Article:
For Many, Cost of Going Uphill Is Going Down

Photo Caption: This chart, compiled by the staff at Ski Area Management, shows the price of the nation’s leading multi-resort season passes. Adjusted for inflation, these passes provide high-frequency skiers with per-day prices that rival those of the early 1950s.
Multi-area season passes have brought back 1950s prices. By John Fry
Next winter the price of a season-long pass to ride an unlimited number of days on Stowe Mountain Resort’s lifts will be cut in half to $859. For someone skiing or snowboarding 20 days, for example, the per-day cost will be $43. Adjusted for inflation, that’s equivalent to $4.25 per day in 1951—about what a one-day ticket at Stowe’s Mount Mansfield cost 67 years ago. 
Mt. Mansfield could charge a premium then because it had a chairlift. The majority, hundreds of ski hills, offered only rope tows in 1951, and the average one-day ticket, nationally, cost only $2.50. Skiing has never been cheaper than that. But the experience was vastly different: Compare today’s high-tech snowmaking and high-speed lifts to the 1950s ordeal of grabbing onto a fast-moving rope, skiing on ice, crud over rocks, or maybe no snow at all. 
The Multi-Resort Season Pass
Between 1951 and 1965, ski areas jacked lift ticket prices at triple the rate of inflation so they could invest in chairlifts, snowmaking and grooming. Then came high-speed detachable chairs, more sophisticated snow management, and handsome day lodges with WiFi connections, and the one-day lift ticket at big resorts leaped to over a hundred bucks. 
Now something different is happening.  
A skier or snowboarder can avoid paying the lofty posted price of a daily lift pass by purchasing from a varied assortment of season passes. High-frequency skiers and snowboarders who buy Epic, Max and Mountain Collective season passes (see chart on the next page) are now paying miraculous 1950s and 1960s prices for a day on the slopes. 
At Squaw Valley, the California resort’s one-day lift pass over the past 37 years soared to $124. But for high-frequency skiers and riders who buy a season pass, that hyper-inflation is gone. Today Squaw Valley sells a pass with unlimited skiing for $899, which itself is 30 percent less than it would have cost in inflation-adjusted dollars 37 years ago.
A college student can now enjoy unlimited skiing at Squaw Valley, for the entire winter, for only $469. A kid who skis only 10 days is thus paying about the same amount as he would have paid using Squaw Valley’s day pass of the 1950s, adjusted for inflation.
Among skiers benefiting are more and more retired folks—Baby Boomers who caused the sport’s explosive growth in the 20 years after World War II. They have more time to ski. A 72-year-old skier averages 13 days per winter on the slopes, according to RRC Associates, which conducts on-slope interviews and research for the National Ski Areas Association (NSAA).
Aspen and Vail
The Mountain Collective Resorts group, whose 16 members include Aspen, Mammoth Mountain, Jackson Hole and Lake Louise, enables someone to ski or board two days at each resort for $429, according to Ski Area Management. Thus someone skiing only 12 days at six of the resorts would be paying $36 a day, compared with the resorts’ typical one-day lift pass price of over a hundred dollars.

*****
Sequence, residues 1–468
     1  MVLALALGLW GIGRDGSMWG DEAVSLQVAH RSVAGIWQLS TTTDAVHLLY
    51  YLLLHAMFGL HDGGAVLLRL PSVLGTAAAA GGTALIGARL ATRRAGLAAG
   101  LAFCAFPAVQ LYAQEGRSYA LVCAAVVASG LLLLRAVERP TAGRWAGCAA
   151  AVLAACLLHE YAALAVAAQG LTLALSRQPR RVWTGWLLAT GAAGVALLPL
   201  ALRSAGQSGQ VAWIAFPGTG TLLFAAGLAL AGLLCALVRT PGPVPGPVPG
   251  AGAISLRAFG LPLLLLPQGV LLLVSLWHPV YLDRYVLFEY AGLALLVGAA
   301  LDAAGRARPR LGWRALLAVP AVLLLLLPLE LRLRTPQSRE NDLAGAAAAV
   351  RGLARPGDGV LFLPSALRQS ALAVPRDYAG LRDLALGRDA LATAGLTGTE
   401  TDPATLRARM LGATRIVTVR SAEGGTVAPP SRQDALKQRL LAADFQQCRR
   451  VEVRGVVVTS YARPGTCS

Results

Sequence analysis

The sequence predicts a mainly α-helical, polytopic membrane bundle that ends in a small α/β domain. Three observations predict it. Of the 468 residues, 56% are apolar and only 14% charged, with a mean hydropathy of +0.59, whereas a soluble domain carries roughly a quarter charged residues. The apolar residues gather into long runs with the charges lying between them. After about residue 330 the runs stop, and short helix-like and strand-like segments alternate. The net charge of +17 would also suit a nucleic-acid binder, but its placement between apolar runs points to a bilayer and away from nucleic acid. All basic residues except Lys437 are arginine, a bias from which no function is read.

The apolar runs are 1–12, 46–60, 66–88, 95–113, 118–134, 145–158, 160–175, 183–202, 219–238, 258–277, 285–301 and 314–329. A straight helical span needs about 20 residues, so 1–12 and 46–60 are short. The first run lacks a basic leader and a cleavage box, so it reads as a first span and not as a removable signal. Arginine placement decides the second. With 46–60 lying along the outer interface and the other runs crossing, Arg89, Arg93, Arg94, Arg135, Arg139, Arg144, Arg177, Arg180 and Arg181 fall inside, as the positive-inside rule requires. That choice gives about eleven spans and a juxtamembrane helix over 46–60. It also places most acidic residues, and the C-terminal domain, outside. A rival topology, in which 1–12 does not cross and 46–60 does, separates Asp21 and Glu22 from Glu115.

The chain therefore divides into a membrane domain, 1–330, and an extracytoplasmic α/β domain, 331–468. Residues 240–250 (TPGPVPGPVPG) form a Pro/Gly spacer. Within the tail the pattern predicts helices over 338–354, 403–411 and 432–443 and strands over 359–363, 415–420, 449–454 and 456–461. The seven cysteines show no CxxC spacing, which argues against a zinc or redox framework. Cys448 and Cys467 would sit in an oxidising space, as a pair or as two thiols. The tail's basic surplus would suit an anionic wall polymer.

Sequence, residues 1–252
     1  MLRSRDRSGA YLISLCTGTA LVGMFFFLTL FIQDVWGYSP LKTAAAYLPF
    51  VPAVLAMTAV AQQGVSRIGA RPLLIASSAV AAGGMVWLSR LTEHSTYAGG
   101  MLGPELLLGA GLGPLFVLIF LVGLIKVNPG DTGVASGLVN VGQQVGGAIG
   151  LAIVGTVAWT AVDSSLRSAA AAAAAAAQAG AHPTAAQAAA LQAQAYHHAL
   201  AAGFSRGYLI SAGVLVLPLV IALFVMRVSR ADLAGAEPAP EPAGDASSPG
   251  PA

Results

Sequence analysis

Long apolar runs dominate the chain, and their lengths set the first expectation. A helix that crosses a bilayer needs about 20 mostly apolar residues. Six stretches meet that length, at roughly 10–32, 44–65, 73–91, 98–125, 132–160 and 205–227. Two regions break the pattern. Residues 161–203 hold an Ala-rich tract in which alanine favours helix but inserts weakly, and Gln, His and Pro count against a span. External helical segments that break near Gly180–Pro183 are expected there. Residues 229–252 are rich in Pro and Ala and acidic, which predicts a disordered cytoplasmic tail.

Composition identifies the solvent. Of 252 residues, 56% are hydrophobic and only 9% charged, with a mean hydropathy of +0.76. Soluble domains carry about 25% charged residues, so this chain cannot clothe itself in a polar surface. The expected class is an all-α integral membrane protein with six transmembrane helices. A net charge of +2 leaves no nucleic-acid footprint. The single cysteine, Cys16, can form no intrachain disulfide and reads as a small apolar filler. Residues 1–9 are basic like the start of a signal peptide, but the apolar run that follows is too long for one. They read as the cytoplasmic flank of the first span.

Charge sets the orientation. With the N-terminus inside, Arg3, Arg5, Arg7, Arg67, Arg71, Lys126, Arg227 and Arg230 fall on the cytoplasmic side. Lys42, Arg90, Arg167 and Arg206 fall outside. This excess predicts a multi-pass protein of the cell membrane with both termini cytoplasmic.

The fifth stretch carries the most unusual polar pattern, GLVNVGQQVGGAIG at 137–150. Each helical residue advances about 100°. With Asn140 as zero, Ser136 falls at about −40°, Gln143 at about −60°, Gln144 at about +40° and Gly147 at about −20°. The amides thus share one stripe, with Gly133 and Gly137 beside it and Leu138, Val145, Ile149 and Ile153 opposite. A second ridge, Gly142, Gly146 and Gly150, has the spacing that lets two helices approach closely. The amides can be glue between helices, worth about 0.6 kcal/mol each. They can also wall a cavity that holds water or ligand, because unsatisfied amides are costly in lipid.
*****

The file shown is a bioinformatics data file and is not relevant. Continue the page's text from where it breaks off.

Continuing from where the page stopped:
A season pass at Aspen costing $475 in 1988 more than quadrupled over the next 28 years to $2,119. That upward trend may have come to an abrupt halt. The Aspen Skiing Company has joined with KSL Capital Partners, owner of Squaw Valley, to acquire Mammoth Mountain and Intrawest’s ski areas, fully intent on competing against Vail’s bargain-priced Epic pass. 
Vail Resorts, now the owner of Whistler Blackcomb in British Columbia, recently purchased Stowe Mountain Resort, which allows skiers and snowboarders there to buy a local Epic pass. If purchased now, it would enable an adult to ride Mount Mansfield’s and Spruce Peak lifts only, for an unlimited number of days in 2017–18 for $639. Last winter, the same kind of pass would have cost $1,860. 
When Does a Season Pass Pay Off?
On average nationwide, how long does it take for a season pass to pay for itself . . .that is, be less than a ski area’s leading adult one-day pass price multiplied by number of days skied? According to RRC Associates, it took 17 days in 1997 for a season pass to pay off; in 2015–16 the number was cut by almost a half, to 9.2 days to payoff.
The result? Now 1.6 million out of 8.4 million U.S. skiers and snowboarders have the potential to save money buying a season pass, double the number 20 years ago. (The frequency statistic does not include skiing by resort employees). 
Dynamic Pricing 
That still leaves the majority of skiers subject to day and short-term lift pass prices. According to ski resort consultant and ISHA director Chris Diamond, more and more resorts are “dynamic pricing,” following the practice of Uber and airlines, which vary prices based on demand, and time in advance of purchase. Buy early, pay less applies to ski season passes as well. The later a skier purchases a pass, the higher the price. 
Ski areas are giving away with one hand, taking away with the other.   
ISHA chairman John Fry is the author of the award-winning The Story of Modern Skiing, newly  available as an e-book. In 1954, SKI Magazine paid him $75 for his first published article, worth $680 today.

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